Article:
Your Connection To Jazz, Blues and NPR News
Play Live Radio
Next Up:
Available On Air Stations
Other News

Seattle Parks allows breast-cancer survivor to swim without top

Jodi Jaecks is shown in this screen grab talking about the Seattle Parks and Recreation's decision with KOMO 4.

A breast-cancer survivor has won the right to swim without a top in Seattle’s public pools. 

Jodi Jaecks has been seeking permission to swim topless since February, saying swim tops irritated the scars from her double mastectomy.  The Seattle Times reports the city put off her request for months but made a decision yesterday after The Stranger reported her story

The Parks Department announced that Jaecks is the only woman allowed to swim without a top, and only during adult-swim times. Jaecks says that’s not good enough, and would like to see the dress code changed for all women with mastectomy scars. 

"It puts the onus on the individual to ask for permission. It has the potential, then, for women to think that they should be ashamed or try to pass—that they should cover themselves up," she told The Stranger. "It's not a policy then, really."

According to The Stranger’s original story, thousands of women will have mastectomies but not reconstructive surgery:

“Approximately 4,500 women in Washington State will be diagnosed with breast cancer this year, according to the National Cancer Institute, and roughly half of those women – or 2,250 – will have mastectomies. Of those women, only 37 percent will decide to have reconstructive surgery, according to a 2008 study from the American Association of Plastic Surgeons. Which means thousands of women each year are adjusting to living without breasts and learning to love their new altered bodies.”

Permission for others to swim topless will be considered by the Parks Department on a case-by-case basis. City officials say the rule is meant to help patrons feel comfortable and protect children.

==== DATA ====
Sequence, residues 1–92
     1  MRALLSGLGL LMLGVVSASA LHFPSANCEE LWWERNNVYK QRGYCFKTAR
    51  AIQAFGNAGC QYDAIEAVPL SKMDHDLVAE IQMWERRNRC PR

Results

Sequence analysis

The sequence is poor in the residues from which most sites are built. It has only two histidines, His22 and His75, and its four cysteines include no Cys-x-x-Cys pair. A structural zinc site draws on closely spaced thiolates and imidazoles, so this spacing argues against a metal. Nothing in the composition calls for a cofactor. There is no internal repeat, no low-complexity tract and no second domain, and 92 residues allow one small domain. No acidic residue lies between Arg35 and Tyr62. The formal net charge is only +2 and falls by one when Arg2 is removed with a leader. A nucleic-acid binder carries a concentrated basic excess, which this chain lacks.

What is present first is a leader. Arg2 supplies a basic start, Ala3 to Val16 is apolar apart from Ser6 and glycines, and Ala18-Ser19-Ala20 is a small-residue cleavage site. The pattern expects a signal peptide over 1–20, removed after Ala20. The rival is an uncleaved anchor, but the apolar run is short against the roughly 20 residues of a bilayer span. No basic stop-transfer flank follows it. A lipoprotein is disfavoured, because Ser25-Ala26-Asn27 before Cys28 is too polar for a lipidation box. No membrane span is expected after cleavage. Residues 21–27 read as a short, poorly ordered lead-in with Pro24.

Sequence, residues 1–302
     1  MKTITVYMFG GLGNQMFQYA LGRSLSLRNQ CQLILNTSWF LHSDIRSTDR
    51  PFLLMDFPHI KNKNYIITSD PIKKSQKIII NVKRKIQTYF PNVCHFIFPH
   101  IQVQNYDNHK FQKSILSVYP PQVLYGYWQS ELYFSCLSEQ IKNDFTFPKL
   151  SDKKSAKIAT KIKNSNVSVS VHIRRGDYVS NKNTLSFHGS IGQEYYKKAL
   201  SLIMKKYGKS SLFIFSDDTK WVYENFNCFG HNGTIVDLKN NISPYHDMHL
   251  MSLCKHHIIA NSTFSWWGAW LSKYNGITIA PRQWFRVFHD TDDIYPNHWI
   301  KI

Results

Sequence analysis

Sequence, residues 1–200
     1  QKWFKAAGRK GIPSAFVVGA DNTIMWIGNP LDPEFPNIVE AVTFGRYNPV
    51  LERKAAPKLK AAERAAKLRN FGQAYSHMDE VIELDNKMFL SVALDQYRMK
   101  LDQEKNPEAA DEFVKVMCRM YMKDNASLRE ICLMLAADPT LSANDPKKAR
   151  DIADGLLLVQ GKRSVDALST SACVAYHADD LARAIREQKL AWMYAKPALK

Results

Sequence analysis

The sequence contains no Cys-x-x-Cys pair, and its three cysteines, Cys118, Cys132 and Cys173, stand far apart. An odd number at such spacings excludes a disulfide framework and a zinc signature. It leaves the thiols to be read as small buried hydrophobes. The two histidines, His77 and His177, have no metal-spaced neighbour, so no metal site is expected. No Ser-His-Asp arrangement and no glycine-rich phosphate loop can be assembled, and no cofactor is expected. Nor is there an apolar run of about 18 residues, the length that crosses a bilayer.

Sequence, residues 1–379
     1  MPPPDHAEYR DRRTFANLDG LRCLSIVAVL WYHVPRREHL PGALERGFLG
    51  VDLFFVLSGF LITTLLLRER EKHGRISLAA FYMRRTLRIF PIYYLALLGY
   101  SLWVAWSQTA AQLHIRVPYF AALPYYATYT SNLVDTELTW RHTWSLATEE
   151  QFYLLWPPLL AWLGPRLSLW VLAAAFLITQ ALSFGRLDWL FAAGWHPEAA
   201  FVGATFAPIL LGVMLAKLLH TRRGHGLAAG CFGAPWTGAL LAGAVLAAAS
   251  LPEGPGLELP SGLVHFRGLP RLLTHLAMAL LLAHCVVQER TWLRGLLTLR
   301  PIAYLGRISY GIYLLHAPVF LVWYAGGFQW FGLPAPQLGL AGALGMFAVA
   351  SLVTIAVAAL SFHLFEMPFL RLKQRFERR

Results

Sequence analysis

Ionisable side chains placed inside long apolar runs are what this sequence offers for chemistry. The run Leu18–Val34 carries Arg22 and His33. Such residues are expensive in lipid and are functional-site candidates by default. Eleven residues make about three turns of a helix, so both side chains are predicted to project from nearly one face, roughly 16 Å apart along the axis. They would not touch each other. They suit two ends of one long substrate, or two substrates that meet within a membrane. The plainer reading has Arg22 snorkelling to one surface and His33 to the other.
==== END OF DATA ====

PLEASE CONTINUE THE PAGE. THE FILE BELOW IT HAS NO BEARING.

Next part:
"I looked at one-piece suits. I looked at bikinis, hoping that there would be one that was made for a flat-chested woman. I looked at rash guard tops. I looked at men's triathlon tops," Jaecks told KOMO 4. "I just got really depressed. I spent an hour there trying things on, and thought, this is stupid. Accept the new me and I'll just wear my swimsuit bottoms."

Text of the news release sent out by the parks department:

[Headline] Seattle Parks Superintendent statement: reconsiders policy on mastectomy patient in Seattle public pools

Seattle Parks and Recreation Superintendent Christopher Williams today decided to allow a double mastectomy patient and cancer survivor to swim without a top in Seattle public pools.

“After looking at the situation again,” Williams said, “I decided to reconsider based on the circumstances of the case. Our original concern stems from our responsibility to accommodate the needs of all our patrons. In this case I see nothing that might alarm the public.” “I think our staff were correct to follow our policy at the time the earlier decision was made, and my decision is based on new information.”

Today’s Slog ran a piece: that showed a photo of the cancer survivor.

Williams says he will review on a case by case basis future cases of people who have undergone surgeries and want accommodation.

KOMO4's story on Jaecks: